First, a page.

The New York Rangers held their seventh annual LGBTQ+ Pride Night on Friday, but didn’t suit up in the ceremonial warmups prior to the game.
In a seemingly last minute decision, possibly related to trying to avoid a similar situation to the Philadelphia Flyers Pride Night disaster two weeks prior, Rangers players did not wear the rainbow themed jerseys or stick tape created custom for the event.
Otherwise, festivities went of as planned, with gay Broadway actor Michael James Scott singing the national anthem and NYC Pride’s Andre Thomas dropping the puck under Madison Square Garden’s rainbow colored ceiling lights.
The New York Post spoke with two unnamed players, who were unaware why the team didn’t wear the Pride warmup jerseys as planned.
The Rangers organization was less than forthcoming about the decision to ditch the duds.
“Our organization respects the LGBTQ+ community, and we are proud to bring attention to important local community organizations as part of another great Pride Night,” they said in a statement.
“In keeping with our organization’s core values, we support everyone’s individual right to respectfully express their beliefs.”
The Rangers’ response could point to one, or more players’ resistance to wearing the Pride colored jerseys, which may have been why they scrapped the idea.
The Philadelphia Flyers Pride event blew up in the organization’s face, when defenceman Ivan Provorov refused to wear the rainbow colors prior to a game against the Anaheim Ducks, due to his Russian Orthodox religion.
“I respect everybody and I respect everybody’s choices,” he remarked after the game.
“My choice is to stay true to myself and my religion. That’s all I’m going to say.”
Flyers coach John Tortorella defended his player and the decision to let him play, despite opting out of the pre-game festivities.
“With Provy, he is being true to himself and to his religion. This has to do with his beliefs and his religion,” he commented.
“That is one thing I respect about Provy, he is always true to himself, so that’s where we’re at with that.”
Tortorella said it would have been “unfair” to bench the 26-year-old player for his religious beliefs.
Provy was torched by the media and the woke social media mob for his refusal to participate in the event.
“Being LGBT+ is not a “choice.” Being ignorant, obnoxious, and homophobic is a choice,” tweeted NHL writer Rachael Millanta.
“Ivan Provorov wasn’t wearing uniform tonight and the @NHLFlyers should not have let him play. Stop letting bigots hide behind their cherry-picked religion. Do better.”
But according to multiple media outlets, his jerseys have sold out across the nation.
NYC Pride was baffled by the Rangers’ move on Friday night, as they were not told about the change prior to participating in the game.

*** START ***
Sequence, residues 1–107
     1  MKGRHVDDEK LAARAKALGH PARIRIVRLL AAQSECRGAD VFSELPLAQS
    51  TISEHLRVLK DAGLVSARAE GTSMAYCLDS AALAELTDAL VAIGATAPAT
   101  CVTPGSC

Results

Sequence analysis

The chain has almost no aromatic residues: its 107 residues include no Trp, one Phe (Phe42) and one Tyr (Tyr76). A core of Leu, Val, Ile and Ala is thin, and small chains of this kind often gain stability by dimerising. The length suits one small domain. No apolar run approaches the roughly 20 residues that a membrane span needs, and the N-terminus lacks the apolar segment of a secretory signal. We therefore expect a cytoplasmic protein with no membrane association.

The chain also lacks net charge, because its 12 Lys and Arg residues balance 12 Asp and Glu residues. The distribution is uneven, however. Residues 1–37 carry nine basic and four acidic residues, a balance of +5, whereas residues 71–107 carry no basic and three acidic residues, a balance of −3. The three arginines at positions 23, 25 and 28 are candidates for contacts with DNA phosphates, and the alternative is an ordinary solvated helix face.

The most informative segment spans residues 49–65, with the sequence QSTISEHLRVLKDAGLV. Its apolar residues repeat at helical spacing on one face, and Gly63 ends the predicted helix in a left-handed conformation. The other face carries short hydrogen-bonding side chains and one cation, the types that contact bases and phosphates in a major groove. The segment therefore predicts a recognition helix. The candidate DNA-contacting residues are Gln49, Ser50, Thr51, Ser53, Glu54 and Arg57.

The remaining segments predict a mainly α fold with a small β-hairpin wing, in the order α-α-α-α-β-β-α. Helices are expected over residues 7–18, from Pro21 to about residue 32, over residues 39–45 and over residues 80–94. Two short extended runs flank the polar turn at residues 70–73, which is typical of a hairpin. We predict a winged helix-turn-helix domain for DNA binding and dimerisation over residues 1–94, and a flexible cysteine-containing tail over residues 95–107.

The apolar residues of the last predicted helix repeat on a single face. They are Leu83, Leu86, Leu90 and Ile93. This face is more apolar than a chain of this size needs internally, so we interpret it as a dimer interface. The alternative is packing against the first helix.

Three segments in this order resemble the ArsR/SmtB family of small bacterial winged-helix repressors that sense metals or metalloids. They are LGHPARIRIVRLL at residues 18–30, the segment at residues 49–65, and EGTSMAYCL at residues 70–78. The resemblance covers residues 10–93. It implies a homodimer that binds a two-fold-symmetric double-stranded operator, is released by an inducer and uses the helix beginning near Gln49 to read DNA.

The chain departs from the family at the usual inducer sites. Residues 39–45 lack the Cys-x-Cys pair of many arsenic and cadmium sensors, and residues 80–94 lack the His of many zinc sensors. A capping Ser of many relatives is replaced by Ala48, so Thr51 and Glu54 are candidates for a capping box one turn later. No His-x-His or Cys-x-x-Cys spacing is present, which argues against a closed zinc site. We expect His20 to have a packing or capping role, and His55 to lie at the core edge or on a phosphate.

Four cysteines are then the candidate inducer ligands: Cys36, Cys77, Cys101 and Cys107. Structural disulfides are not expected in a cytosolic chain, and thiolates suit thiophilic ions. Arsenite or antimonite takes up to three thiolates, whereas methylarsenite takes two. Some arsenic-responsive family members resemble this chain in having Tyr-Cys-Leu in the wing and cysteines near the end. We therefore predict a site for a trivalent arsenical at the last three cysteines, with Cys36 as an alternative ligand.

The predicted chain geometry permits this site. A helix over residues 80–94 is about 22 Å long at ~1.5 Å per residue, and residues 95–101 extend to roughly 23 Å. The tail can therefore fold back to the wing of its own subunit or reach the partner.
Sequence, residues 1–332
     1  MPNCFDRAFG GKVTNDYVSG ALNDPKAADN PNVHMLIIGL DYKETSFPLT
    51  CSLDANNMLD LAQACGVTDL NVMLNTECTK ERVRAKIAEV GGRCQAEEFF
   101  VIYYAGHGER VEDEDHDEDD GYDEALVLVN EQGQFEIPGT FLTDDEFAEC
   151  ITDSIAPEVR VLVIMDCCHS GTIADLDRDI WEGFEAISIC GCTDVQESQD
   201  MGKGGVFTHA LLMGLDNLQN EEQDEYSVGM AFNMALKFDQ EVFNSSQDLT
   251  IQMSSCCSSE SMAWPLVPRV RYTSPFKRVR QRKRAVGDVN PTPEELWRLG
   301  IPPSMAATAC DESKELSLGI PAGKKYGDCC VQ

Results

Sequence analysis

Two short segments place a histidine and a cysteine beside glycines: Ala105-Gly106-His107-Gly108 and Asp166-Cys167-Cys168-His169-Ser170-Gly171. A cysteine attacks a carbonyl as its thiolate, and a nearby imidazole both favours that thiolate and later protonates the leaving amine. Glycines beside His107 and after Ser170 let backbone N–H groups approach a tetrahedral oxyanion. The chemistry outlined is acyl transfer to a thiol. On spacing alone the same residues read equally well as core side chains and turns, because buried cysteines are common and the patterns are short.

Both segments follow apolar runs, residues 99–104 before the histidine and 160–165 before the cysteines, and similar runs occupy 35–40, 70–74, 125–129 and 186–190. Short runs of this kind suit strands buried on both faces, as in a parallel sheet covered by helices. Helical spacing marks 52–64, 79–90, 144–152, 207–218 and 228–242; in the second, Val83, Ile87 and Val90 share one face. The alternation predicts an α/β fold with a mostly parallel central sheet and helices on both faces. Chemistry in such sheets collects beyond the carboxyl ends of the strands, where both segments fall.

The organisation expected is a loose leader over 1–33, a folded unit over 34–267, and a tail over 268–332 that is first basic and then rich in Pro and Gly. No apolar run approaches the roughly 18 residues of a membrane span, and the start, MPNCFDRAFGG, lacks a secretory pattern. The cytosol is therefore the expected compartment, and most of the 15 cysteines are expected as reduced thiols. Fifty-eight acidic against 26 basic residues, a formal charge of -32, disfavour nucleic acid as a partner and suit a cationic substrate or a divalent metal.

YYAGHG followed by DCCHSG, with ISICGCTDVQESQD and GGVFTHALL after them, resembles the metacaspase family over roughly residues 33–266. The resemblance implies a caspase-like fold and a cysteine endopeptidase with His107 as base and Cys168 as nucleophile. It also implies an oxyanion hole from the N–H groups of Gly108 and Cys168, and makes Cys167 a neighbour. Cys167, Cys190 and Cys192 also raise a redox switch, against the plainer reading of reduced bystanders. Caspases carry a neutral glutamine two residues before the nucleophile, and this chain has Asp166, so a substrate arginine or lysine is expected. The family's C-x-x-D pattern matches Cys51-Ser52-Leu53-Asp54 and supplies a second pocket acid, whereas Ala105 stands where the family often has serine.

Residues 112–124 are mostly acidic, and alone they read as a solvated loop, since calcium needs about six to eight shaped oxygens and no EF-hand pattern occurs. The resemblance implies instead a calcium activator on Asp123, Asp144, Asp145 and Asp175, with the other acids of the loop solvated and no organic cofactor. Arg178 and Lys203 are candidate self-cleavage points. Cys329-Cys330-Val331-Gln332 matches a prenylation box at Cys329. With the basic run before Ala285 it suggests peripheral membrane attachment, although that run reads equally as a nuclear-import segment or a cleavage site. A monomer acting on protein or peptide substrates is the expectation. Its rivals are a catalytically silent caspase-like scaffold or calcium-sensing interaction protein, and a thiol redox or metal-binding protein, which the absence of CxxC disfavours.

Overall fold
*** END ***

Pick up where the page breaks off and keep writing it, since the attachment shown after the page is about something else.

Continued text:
“NYC Pride was not made aware in advance of our participation in last night’s ceremonial puck drop that Pride jerseys and rainbow tape would not be worn as advertised,” the organization announced.
“We understand and appreciate that this has been a major disappointment to the LGBTQ+ community in New York and beyond.”
While NYC Pride said they’re “committed” to continuing their relationship with the NHL, critics torched the Rangers.
“To give the OK to these hockey players to be homophobic is not celebrating pride. It’s the opposite of it,” said LGBT Network president David Kilmnick.
“It’s a slap in the face to the LGBT community to have players not celebrate Pride Night,” he continued.
“To me, this would be equivalent to people not wearing Jackie Robinson’s number when everyone does that in MLB [on Jackie Robinson Day].”
“The fact the New York Rangers completely abandoned their plans to wear pre-game Pride jerseys shows how entrenched homophobia and transphobia is in hockey, and the NHL’s complicity to exclusion,” added a hockey news writer.
“Sorry, Rangers, but the way you become, and remain, an ally to a repressed community is not by shrinking in the face of bigotry. It’s by digging in and standing up when it counts,” another person chided.
While others supported the organization’s decision to skip out on the ceremonial jerseys.
“Honestly, good for them. This should be the beginning of the end of Pride Nights,” someone wrote. “They’re not about solidarity or equality anymore.”
“It’s no more important to me as a gay man that hockey players wear Pride™ jerseys at a game than it is for gay people to wear New York Rangers jerseys at a gay pride rally,” added a gay NHL fan.
“The idea that it somehow exposes “entrenched homophobia” is performative victimization.”
Some believe that it the jerseys were discarded to avoid another Provorov-like situation.
“My guess is the Rangers iced the plan to wear the warmup jersey when one or more players pulled a Provorov and team didn’t want the player(s) getting lit up in media,” one person speculated.
“Why are people freaking out about the Rangers not wearing pride jerseys,” another questioned.
“It’s not like 15 wore it and 4 didn’t. They all didn’t wear it and weren’t even issued one. I think the NHL isn’t giving them to teams given what happened with Provorov. It’s not a big deal, get over it.”